After their children were grown, my grandparents moved to just north of Trim’s Corner but continued to own and use the original Green property and adjoining land that they had purchased. The property stayed in my family, and I was able to buy it from my Uncle Keith in 1972.  During the 1970s and 1980s my parents, my husband John Dopyera and I  often visited the property and wandered through the woods to admire the beauty of the towering trees. John and I had not yet, at that point, seriously considered ever living on the property. Our work kept us in Syracuse, New York. In the 1990s, though, we retired and moved to what for me was a return home.  In our retirement John and I created a lodge on the Eureka Road end of the property and lived there for more than twenty years. 
“Knowing that this 100 acres of woodland will be well taken care of across the years is a source of happiness for me.”

In our years of living in the middle of our forest, John and I had many adventures, some problems and many satisfying accomplishments. Of all the times that are fun for me to recall, one is particularly memorable.  Our dog, P.D., and I scared up a skunk as we enjoyed our morning walk along the path that circled through the woods and through stretches of the Green Place property. We were quite thoroughly sprayed. When the two of us, P.D. and I, arrived back at the lodge, I called in to John saying, “I think we have a problem!” John quickly became aware that we did, indeed, have a BIG problem. What to do? We knew that tomato juice might be the way to reduce the smell but we had none– only canned whole tomatoes. Holding his nose, John brought out jars of them. The image of me, a fairly dignified person, stripped naked beside our lodge in the forest, washing myself and P.D. with tomatoes, seeds and all, is not easily forgotten. 
Among the many happenings of all kinds there in our forest, we came to know Troy & Lynn Firth and spent a great deal of time learning about the Foundation for Sustainable Forests. We participated in conferences, provided housing for guest speakers and were happy to assist and learn about the practices that were being promulgated. Wanting to support this effort, John and I decided together to gift the Green Place and the adjoining 50 acres to the Foundation. John died in 2014, but I was able to realize our shared vision and completed the arrangement in 2015.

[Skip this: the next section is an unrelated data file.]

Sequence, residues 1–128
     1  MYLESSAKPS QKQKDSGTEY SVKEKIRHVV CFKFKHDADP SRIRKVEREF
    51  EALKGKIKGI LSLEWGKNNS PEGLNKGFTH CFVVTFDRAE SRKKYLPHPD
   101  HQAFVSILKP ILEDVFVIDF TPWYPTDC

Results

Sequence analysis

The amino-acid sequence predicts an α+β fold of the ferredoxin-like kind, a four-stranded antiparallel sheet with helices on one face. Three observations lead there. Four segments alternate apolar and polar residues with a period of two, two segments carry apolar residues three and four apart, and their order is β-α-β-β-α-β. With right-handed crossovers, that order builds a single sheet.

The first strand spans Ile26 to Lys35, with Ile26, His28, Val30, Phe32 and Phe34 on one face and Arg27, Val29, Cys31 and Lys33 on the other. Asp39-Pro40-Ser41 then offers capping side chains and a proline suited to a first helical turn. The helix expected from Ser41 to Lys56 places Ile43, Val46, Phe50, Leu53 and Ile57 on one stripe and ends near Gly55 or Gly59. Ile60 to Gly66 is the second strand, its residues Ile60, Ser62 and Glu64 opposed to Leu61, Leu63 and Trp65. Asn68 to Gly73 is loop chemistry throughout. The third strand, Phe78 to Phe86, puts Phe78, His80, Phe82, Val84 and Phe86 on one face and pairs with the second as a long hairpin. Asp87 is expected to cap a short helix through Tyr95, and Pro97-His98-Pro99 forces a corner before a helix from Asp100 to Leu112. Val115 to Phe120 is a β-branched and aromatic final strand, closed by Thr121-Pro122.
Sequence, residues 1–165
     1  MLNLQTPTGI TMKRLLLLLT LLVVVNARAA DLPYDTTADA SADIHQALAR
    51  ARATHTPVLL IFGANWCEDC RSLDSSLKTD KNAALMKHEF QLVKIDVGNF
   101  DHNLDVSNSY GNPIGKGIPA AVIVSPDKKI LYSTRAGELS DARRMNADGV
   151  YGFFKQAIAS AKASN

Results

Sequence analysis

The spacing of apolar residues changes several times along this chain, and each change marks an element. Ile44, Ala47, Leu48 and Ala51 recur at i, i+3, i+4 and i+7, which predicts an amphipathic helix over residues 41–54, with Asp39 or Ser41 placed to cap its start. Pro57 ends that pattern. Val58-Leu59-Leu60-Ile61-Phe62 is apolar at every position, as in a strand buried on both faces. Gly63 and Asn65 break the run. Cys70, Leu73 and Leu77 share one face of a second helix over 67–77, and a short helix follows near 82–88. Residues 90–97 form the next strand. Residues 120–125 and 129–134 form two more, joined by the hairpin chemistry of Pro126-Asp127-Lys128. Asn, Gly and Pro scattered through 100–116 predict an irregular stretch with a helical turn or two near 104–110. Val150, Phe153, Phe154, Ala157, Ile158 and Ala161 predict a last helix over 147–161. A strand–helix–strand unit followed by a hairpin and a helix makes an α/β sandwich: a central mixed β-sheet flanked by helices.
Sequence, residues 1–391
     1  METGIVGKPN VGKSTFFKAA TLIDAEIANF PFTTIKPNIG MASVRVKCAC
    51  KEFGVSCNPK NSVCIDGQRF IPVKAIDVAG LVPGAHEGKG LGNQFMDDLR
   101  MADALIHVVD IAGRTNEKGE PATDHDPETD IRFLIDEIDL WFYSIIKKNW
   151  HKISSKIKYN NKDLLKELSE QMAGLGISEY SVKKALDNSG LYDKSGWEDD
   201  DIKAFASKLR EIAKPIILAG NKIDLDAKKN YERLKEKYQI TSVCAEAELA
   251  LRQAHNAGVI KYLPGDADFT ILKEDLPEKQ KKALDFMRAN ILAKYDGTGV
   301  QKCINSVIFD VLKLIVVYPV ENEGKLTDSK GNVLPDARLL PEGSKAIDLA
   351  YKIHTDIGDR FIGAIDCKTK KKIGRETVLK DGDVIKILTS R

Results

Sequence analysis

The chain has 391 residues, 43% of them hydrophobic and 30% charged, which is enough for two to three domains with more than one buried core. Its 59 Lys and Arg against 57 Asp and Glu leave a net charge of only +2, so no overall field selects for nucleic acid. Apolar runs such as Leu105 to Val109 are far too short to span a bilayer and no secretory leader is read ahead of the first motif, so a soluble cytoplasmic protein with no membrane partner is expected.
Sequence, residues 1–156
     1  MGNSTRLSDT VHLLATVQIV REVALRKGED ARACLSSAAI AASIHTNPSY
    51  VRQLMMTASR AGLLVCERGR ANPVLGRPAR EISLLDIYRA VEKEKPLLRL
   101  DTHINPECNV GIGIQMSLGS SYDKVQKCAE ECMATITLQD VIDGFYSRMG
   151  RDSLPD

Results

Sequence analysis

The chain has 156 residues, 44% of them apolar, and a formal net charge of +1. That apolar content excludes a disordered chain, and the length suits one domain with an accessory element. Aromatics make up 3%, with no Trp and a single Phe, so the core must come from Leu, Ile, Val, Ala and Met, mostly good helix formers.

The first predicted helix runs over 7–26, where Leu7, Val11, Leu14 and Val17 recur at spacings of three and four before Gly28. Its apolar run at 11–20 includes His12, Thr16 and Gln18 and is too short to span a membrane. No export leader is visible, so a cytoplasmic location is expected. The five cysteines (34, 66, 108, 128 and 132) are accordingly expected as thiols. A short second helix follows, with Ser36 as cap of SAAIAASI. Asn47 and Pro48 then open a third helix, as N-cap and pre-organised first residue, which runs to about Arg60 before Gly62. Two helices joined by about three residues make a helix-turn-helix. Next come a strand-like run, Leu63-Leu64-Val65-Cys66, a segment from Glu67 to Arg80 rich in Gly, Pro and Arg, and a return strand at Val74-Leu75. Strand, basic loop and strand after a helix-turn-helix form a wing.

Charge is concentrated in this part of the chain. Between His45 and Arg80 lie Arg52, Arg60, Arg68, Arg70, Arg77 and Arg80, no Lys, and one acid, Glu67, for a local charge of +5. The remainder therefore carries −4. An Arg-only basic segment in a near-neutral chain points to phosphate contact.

Knowing that this 100 acres of woodland will be well taken care of across the years is a source of happiness for me. As I observe forestry practices elsewhere that are abysmal and the total destruction of many forests altogether, I am pleased that John and I were able to make a contribution that will ensure that a portion of my family’s beautiful woodland will forever be protected. I urge others to consider making such a lasting gift of their property.

Margaret Lay Dopyera now lives in Ithaca, NY.  She invites you to e-mail her if you have questions:
To share the story of your land, please contact Annie:

Board of Directors 

Troy Firth 
Founder & President

Terrence Bensel, PhD 
Chair, Outreach & Education Committee 

Guy Dunkle 
Chair, Forestry Committee

James Finley, PhD 

Thomas C. Hoffman II, Esq. 

Craig Schwegman

Robert Slagter 
Chair, Fundraising Committee 

Emil Spadafore, Esq. 

Dr. Jane E. Woods


John Noel Bartlett
Development Director

Annie Socci, PhD
Conservation & Outreach Manager

A healthy, happy crowd gathered inside the Woodland Lodge in Grand Valley, PA
for the annual  Potluck Gathering

Nathan Miller & Niki Knopsnyder help kids to preserve the tree cores they collected at the Potluck's "Tree Rings Tell A Story" program
Member Karlin Marsh proudly displays
an American chestnut fruit 
in her Blooming Valley woodland
Our mission is to protect forested ecosystems and support rural communities through working forests, 
to raise awareness of the importance of conserving intact forested ecosystems, 
and to highlight sustainable forestry practices for the benefit of the land.
Copyright © 2016 Foundation for Sustainable Forests, All rights reserved.

Want to change how you receive these emails?
You can update your preferences or unsubscribe from this list

Email Marketing Powered by Mailchimp